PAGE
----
British Land is primarily focused on high-end in-town and out-of-town retail locations and on central London offices. Bell gets to see first-hand her business at work as she passes one of the developments near her offices in Marble Arch every day. Another key project is the so-called cheese grater, or Leadenhall Building, which is set to become one of the most iconic buildings in London’s Square Mile when it’s completed in 2014.
British Land’s stated aim is “to build the best real estate investment trust in Europe”, and the company has assets across the Channel, principally in Spain, where it is currently developing a retail park in Zaragoza. Bell rejects concerns about Spain’s spiralling economic outlook, the continuing eurozone debt crisis and British Land’s investment there, because “it’s a very small part of our business”.
Lucinda Bell“I wouldn’t say it’s time to downscale there [Europe] but we’re very much focused on the UK,” she says.
Despite the double dip, British Land continues to report robust results. Pre?tax profits were up a solid 5.1 percent to £269 million in the year to March. Against a backdrop of struggling retailers, British Land has fared well given that 61 percent of its portfolio is invested in retail (with 35 percent in offices) and the retail property market has been hit hard this year by collapses including Peacocks, Game Group and Clinton Cards.
“We delivered some very good results in a demanding environment. We feel positive about the outlook but in the medium term,” Bell says. “In the short term we can see that for real estate the important things are what happens to your values as well as the income you generate, and in the medium term there may be a bit of variability in values but we look at the long term.”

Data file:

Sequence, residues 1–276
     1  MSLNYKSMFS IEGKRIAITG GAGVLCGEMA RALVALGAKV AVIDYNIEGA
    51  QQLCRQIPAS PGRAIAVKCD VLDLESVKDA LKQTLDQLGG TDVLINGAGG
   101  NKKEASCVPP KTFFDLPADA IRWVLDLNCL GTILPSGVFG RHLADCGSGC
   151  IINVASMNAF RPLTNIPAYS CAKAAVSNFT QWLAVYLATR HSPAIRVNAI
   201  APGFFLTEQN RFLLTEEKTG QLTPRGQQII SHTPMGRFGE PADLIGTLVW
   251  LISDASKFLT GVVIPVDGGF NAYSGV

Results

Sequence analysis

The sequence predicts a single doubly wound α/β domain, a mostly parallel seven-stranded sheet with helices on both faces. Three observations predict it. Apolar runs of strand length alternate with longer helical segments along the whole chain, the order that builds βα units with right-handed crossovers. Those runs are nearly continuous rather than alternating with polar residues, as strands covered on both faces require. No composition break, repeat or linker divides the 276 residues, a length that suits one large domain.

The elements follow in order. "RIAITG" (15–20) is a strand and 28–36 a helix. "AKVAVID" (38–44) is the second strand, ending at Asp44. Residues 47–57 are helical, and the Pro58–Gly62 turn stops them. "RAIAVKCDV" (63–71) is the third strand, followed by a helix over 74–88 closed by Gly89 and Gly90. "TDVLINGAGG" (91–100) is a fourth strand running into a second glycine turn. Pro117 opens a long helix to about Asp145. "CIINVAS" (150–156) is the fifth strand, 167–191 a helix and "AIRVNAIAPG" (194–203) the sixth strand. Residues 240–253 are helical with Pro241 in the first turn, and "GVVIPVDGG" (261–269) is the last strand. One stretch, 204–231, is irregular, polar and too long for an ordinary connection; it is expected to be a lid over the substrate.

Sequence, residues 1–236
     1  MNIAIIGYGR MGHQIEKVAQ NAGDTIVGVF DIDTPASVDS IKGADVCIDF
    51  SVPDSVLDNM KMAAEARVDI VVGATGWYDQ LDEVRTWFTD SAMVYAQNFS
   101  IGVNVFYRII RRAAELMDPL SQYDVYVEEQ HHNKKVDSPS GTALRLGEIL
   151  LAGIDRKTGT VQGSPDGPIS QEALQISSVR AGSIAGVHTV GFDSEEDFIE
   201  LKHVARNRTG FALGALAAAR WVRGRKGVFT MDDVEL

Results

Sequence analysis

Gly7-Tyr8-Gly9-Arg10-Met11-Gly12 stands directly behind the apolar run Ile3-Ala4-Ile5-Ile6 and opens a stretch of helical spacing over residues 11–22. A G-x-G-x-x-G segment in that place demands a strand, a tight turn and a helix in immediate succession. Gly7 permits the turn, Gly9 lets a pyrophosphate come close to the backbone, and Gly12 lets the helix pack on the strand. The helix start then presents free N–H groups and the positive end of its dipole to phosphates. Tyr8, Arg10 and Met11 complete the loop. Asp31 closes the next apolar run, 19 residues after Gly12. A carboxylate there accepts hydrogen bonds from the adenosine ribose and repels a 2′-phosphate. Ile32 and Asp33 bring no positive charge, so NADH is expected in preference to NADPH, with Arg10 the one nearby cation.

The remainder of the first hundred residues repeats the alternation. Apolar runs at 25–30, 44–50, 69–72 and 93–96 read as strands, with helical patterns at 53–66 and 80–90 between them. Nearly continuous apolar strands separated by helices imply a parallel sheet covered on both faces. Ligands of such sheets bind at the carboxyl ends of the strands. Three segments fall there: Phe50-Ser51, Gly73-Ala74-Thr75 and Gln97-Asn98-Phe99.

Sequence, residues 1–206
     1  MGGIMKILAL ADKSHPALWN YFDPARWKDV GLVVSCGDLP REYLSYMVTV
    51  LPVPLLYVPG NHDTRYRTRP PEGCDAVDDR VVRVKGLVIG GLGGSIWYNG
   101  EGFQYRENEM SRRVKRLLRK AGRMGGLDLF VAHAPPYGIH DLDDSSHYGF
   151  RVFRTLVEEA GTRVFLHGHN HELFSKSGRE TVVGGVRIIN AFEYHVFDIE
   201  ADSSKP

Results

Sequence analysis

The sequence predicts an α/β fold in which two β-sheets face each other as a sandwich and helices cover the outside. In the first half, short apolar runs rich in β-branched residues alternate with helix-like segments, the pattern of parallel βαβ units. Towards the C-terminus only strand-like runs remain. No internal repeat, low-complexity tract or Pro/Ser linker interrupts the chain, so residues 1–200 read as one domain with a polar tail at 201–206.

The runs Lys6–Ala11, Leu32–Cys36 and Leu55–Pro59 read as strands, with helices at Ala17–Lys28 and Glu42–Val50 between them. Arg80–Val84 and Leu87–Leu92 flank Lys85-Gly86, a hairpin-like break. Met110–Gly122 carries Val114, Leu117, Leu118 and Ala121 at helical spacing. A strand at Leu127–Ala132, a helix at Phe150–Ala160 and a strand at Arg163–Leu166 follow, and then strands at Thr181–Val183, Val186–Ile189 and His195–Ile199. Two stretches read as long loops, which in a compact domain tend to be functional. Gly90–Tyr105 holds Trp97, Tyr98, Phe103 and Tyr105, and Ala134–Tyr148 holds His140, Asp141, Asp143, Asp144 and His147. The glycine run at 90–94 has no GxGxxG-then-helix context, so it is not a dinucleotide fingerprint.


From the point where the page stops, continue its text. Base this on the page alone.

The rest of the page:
Because of the “polarisation” going on in the retail sector – “the good retail is getting better and the poor retail is getting worse” – British Land hasn’t been as affected as some of its rivals as its retail portfolio is so high-end. The reality is that high-end retailers attract shoppers who come from the more affluent classes who have been less affected by the double dip.
Bell says the company anticipated this change in retail over a number of years “and so adjusted our portfolio”.
“It’s about selecting the right assets and then ensuring we can future-proof them. If you look nationally at footfall last year it was down, but on our portfolio it was up and that reinforces the message about polarisation,” she explains.
By future-proofing she means understanding the changing nature of consumers and planning to suit those changes. With these criteria British Land has focused on the location as well as configuration of real estate spaces.
To further maximise assets, Bell says changes such as putting in mezzanine floors, so “you can drive the rent on the ground floor by putting in extra space”, have been critical, especially for some of the company’s main clients like Sainsbury’s and Tesco.
There is also the ruthless-sounding “cut and carve” in which you take a larger unit and cut it into two smaller units, resulting in a higher rent per square foot on each unit.
“That’s what it’s all about – growing the income,” Bell says.